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debt collection lawsuit

When is the Right Time to Take Legal Action Against an Uncollected Debt?

Taking legal action or filing a debt collection lawsuit is a last resort when handling a home furnishings credit account. Even when an account falls significantly past due, you’d rather work together with the client to bring the account current. That isn’t always possible, however, and debt collection lawsuits are unavoidable in some cases.

But when is the right time to take this aggressive step? Let’s take a closer look.

Following an Established Process

Before you even think about taking an account to court for an uncollected debt and filing a debt collection lawsuit, you will need to work through your entire collections process step-by-step. This process should be well-established in your business and followed consistently by the whole credit department. Some of the steps likely to be included in your process are –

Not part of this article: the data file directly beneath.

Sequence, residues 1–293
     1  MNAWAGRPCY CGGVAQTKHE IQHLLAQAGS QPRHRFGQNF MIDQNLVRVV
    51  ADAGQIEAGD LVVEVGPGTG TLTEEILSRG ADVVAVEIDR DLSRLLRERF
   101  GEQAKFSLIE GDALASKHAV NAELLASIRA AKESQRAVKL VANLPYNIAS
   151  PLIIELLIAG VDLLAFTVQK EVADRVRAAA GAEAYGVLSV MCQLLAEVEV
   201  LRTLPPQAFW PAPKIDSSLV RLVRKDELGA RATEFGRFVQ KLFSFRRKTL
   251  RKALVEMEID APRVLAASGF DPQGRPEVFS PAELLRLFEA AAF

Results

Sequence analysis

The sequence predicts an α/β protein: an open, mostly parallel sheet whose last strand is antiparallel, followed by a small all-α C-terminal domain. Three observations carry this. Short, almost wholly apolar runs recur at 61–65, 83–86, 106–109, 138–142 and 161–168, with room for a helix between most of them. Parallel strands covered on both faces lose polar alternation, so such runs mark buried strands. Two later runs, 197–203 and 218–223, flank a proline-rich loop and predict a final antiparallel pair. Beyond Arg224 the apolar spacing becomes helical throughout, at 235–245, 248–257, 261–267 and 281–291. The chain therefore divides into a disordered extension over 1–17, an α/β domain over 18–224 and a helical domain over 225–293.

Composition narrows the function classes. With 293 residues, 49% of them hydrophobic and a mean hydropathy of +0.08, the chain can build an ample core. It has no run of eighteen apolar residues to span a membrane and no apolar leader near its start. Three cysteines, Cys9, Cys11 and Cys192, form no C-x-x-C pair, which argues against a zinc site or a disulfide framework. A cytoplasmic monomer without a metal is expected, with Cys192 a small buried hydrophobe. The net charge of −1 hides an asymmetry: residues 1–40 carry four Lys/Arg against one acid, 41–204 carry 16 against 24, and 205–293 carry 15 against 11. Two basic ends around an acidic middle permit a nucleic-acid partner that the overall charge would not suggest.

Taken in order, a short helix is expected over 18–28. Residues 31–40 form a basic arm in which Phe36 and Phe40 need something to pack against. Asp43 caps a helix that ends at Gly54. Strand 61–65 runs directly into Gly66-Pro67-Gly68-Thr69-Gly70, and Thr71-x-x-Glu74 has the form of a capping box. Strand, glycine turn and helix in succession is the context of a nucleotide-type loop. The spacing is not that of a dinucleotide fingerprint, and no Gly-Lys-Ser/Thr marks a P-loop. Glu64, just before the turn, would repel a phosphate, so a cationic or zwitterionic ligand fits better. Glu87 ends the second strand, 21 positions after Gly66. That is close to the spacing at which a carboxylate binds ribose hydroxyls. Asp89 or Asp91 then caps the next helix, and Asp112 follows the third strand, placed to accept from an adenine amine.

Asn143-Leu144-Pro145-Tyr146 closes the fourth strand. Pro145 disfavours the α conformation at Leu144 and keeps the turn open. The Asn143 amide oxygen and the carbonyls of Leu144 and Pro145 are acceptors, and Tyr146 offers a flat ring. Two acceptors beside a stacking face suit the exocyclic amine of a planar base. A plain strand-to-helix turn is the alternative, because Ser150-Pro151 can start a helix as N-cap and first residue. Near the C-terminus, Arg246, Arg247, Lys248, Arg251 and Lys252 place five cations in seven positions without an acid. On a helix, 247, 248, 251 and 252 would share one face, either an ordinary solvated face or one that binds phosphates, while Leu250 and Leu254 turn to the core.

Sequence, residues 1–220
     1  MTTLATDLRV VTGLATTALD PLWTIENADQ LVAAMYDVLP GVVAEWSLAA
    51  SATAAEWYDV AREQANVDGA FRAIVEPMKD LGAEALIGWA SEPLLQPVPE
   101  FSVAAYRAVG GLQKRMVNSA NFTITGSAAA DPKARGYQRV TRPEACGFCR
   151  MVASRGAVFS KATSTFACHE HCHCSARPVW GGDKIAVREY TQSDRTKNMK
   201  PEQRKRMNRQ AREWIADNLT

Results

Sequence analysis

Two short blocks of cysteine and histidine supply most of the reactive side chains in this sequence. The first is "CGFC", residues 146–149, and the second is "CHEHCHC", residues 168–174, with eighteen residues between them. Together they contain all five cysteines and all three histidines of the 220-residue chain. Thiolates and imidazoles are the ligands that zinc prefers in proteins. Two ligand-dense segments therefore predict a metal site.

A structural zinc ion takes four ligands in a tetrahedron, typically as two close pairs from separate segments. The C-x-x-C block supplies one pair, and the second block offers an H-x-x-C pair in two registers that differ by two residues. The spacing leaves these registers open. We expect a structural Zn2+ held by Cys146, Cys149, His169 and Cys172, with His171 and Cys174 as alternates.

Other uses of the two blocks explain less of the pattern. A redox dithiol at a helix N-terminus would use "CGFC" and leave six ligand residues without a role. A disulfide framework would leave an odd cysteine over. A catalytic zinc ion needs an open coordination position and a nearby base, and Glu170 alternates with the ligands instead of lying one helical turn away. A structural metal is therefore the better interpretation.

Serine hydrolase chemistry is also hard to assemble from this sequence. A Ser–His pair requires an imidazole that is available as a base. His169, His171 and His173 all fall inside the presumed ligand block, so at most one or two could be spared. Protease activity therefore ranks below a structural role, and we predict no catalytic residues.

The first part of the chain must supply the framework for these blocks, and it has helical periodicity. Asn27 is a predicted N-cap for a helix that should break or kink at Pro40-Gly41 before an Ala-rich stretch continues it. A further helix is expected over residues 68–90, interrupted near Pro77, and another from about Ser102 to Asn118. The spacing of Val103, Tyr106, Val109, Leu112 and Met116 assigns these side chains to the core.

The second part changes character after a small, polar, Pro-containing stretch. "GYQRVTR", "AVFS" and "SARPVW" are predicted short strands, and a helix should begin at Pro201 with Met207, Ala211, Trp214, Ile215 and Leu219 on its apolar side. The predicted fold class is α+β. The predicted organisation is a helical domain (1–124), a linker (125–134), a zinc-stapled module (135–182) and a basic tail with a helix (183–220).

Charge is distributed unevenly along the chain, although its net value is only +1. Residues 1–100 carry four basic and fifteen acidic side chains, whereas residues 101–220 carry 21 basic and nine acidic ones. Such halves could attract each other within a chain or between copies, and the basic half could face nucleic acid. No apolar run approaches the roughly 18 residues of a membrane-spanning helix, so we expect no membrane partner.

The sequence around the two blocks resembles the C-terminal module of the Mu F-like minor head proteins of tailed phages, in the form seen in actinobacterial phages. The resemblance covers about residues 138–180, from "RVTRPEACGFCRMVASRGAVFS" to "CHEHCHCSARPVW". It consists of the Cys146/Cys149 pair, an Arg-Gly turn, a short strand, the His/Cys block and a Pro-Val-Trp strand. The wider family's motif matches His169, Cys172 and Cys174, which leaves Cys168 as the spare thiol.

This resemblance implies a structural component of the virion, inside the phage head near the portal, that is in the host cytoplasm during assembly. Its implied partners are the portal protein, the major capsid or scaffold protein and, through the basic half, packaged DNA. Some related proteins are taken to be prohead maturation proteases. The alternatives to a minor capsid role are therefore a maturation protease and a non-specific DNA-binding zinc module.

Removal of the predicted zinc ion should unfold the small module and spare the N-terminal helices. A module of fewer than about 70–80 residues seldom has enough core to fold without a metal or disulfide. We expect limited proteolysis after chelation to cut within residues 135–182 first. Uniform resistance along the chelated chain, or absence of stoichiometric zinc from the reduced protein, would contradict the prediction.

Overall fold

• Contacting the account to confirm receipt of the invoice and resolve any discrepancies
  • Following up on the first contact to request payment and provide notice of potential late fees
  • Send a revised invoice with payment demand and late fees added
  • Put the account on credit hold
  • Discuss options with management regarding collections or legal action

Given the potential for this matter to land in court, it’s essential to carefully document each step as soon as the account falls past due. That documentation will also provide consistency throughout your team if multiple people work with the account to bring it current.

 Consider the Pros and Cons

It’s easy to get caught up in the frustration of not being paid for the goods you have provided to a customer. You may feel like taking legal action quickly or filing a debt collection lawsuit to track down the rightfully owed money but consider the various pros and cons of a lawsuit before taking this step.